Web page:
The million-dollar Type 130 will be revealed in more detail, along with a full specification list, in London later this year. Production numbers are expected to be low, so it’s no surprise the company says it’s already received expressions of interest. The car will serve as the halo vehicle for a new generation of Lotus vehicles produced as part of Geely’s £1.5 billion ($A2.73b) revitalization strategy over the next couple of years.

“[Geely’s] going to change the brand massively,” says Knappett, who’s owned and run Lotus Cars Australia and New Zealand for 12 years. “Lotus is small, it’s been successful in engineering and racing, and has built some amazing cars and achieved some amazing things, but it’s never taken the corporate attitude. Geely will commercialize and make Lotus profitable. “

‘I really don’t believe an SUV will be detrimental to the brand. In fact, you need an SUV to keep developing the sports cars.

The new models and management team are clearly part of that, with Popham’s appointment in October a significant indicator of how serious Geely is about delivering. “Popham could have gone anywhere,” Knappett says. “He steered Jaguar Land Rover and [British super-yacht manufacturer] Sun seeker to massive growth over 10 years. So for him to choose to go to a little brand like Lotus [which last year produced 1640 cars] tells you he’s seen something that Geely’s bringing, of what the future is going to be, that attracted him.”

Design details of the Lotus SUV are likely to emerge sometime next year, with Knappett saying it will be a welcome addition to the range despite the detractors.

“I really don’t believe an SUV will be detrimental to the brand,” he says. “In fact, you need an SUV to keep developing the sports cars, you need cash in your pocket to keep doing that. Lotus has never focused on it.

“And we’ll still have the Exige and the Elise, we’ll still have those cars. Having an SUV doesn’t mean we’ll turn that production line off.”

Geely is likely to make sure of that.

“Geely has so much scope that … we don’t have to turn something off to turn something on. We just have to build it bigger and do it differently. The amount of money they’re throwing at it is substantial enough that it won’t affect the core offering.” The Lotus model lineup currently includes the Elise, Exige, Evora and 3-Eleven ranges of sports cars. In Australia, they range in price from $85,000 to $260,000 before on-road costs.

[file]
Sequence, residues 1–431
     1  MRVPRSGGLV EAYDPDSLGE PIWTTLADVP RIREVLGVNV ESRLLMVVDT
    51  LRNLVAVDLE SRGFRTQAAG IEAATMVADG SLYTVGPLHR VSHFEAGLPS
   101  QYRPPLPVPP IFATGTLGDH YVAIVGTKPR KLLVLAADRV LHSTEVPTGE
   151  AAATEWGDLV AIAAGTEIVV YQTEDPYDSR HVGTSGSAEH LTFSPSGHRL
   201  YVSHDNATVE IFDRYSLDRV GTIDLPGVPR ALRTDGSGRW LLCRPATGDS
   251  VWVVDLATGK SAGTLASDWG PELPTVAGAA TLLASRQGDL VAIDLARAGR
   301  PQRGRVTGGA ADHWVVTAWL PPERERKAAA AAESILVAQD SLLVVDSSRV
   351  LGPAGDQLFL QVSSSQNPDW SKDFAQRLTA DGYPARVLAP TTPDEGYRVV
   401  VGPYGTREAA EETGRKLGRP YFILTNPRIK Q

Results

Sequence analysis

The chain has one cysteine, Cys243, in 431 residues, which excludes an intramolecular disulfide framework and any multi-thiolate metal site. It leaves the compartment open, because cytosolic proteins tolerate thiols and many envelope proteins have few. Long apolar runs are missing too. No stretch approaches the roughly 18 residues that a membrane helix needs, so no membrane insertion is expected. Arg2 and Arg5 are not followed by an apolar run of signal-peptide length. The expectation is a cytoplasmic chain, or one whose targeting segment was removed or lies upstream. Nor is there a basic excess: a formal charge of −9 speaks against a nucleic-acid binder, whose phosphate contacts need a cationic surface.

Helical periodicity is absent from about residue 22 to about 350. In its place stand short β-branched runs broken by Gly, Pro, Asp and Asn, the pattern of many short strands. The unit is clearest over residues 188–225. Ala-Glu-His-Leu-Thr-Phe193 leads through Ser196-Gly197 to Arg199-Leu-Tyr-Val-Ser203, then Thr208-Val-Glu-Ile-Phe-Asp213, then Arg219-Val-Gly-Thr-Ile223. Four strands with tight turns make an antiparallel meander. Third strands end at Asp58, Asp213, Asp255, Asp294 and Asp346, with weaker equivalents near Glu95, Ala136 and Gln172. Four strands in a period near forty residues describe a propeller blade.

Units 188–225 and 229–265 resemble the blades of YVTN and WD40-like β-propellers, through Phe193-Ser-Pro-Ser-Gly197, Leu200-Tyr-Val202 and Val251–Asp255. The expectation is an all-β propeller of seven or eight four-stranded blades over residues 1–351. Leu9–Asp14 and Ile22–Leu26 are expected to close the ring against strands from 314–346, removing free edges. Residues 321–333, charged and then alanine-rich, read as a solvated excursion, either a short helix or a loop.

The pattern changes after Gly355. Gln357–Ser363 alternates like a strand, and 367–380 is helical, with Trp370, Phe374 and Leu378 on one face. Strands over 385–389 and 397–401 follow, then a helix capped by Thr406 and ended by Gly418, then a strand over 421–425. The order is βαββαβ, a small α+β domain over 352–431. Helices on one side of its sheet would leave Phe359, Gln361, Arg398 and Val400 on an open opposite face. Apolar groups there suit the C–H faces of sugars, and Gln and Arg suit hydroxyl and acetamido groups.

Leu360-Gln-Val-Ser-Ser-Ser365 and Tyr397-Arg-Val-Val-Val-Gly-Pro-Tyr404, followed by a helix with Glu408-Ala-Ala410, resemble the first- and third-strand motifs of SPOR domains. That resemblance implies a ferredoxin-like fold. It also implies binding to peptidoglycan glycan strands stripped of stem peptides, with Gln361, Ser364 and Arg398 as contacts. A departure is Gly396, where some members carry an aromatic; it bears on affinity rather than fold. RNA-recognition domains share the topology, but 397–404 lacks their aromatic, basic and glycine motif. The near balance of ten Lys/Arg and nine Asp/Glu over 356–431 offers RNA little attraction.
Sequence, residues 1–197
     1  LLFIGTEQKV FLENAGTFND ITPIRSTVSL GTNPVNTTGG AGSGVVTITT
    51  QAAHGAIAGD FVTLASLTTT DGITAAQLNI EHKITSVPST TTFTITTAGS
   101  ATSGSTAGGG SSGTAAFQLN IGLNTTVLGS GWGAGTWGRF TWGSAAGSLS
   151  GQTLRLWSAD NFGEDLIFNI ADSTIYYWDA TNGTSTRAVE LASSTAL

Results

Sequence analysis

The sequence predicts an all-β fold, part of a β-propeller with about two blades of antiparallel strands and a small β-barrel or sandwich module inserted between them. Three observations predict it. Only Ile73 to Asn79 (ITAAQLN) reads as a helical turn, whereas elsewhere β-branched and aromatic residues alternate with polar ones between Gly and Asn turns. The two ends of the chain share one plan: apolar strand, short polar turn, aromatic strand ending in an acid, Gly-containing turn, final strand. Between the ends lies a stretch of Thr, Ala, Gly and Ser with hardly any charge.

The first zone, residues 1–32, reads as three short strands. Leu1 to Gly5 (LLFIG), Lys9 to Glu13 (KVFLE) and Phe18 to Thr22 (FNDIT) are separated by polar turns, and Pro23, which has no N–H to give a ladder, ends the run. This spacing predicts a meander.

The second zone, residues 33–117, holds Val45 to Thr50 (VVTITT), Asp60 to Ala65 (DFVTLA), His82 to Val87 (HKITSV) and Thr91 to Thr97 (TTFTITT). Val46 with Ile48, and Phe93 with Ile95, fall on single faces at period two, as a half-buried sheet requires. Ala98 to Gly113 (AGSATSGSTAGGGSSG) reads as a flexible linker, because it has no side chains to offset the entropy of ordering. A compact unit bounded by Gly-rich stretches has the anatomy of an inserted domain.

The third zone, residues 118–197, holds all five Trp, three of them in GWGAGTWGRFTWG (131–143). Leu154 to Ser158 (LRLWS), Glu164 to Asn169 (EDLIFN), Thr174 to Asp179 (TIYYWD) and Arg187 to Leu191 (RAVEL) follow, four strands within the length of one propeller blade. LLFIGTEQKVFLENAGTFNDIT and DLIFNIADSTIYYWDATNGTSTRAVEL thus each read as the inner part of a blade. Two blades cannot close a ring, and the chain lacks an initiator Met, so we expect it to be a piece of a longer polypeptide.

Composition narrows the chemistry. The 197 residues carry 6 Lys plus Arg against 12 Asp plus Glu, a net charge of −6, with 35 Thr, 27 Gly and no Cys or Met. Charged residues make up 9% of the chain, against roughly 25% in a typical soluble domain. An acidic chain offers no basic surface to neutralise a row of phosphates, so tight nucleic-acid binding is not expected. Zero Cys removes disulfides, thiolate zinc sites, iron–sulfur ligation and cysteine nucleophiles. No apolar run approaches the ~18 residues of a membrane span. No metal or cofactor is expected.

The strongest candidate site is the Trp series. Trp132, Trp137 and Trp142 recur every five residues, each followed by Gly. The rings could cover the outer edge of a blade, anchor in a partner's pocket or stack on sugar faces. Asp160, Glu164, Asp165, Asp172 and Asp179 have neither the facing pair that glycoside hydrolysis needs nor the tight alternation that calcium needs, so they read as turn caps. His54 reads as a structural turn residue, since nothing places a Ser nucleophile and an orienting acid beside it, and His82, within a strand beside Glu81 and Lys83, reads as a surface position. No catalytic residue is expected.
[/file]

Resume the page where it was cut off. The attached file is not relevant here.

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Giving blue lights the red light

LONG before I heard the sound I saw the flashing lights in my rear-view, catching me quickly on the freeway. My first reaction was to check my speed: 112km/h. That should be OK, shouldn’t it? No-one gets booked for doing 2km/h over the limit on a freeway. Even so, paranoia and a guilty conscience kicked in and I eased off slightly; my speed fell to 108.

Then the sound: an engine, and a big one at that, working hard.

The sound and the lights went past me together as if I were standing still, and I registered that the car was a Lamborghini Aventador – I recognised it because it’s the same model as my former financial adviser drives. Up-close the lights looked like an electronic insect zapper, flashing beneath the car and illuminating the road around it as it flew past.

It was visually arresting (and I imagine the driver was arrested in a different way not much further on up the road) but you have to wonder what kind of person spends upwards of $850,000 on a car and then decks it out like a kid’s Blue Light Disco.

There’s no accounting for taste, and there’s no correlation with wealth, apparently. I’ve seen this on any number of occasions when looking at various second-hand cars over the years. As a rule of thumb, I’ve found that the closer to original condition the better. When you inevitably need parts for the old banger it’s easier to get manufacturer’s bits rather than trying replace parts the previous owner found in a wrecker’s yard or (more recently) ordered from some obscure online retailer.

 

 

‘Last time I bought a car new, there was such a menu of options and alternatives that I could not fathom how one might fail to specify something more or less exactly to one’s own taste.’ 

In any case, one woman’s modification iss another woman’s idea of sheer demonic hell, as the Aventador illustrated in all its blue-light flashing fury. Last time I bought a car new, there was such a menu of options and alternatives that I could not fathom how one might fail to specify something more or less exactly to one’s own taste. But some still seem to prefer to resort to after-market parts, with modifications informed by a Christmas-tree aesthetic and implemented with the subtlety of a rugby front-rower.

And the last time I sold a car I know for a fact I received a premium for it because it was essentially in the same condition as when it rolled out of the showroom 25 years earlier.

I suppose the car-modification enthusiasts will tell you that they’re individualising their cars, that the bits they add and the weirdness they give expression to is an extension of their very own personalities. That may be the case, but if it is, some of them are clearly experience psychotic episodes on a fairly regular basis. I suspect that deep down they’re also the kind of people – let’s face it, they’re almost always men – who will marry a girl and tell her they love her, and then insist she get a boob job or have botox or liposuction to ensure she conforms to some male concept of the “ideal” female.

Maybe I’m reading too much into it; but maybe some women feel obligated to be the human equivalent of a blue flashing Aventador driven by an arrested adolescent with mother issues.

I can attest that were The Companion to express such sentiments then he’d fairly assuredly be in need of some cosmetic work himself. Dentistry, principally.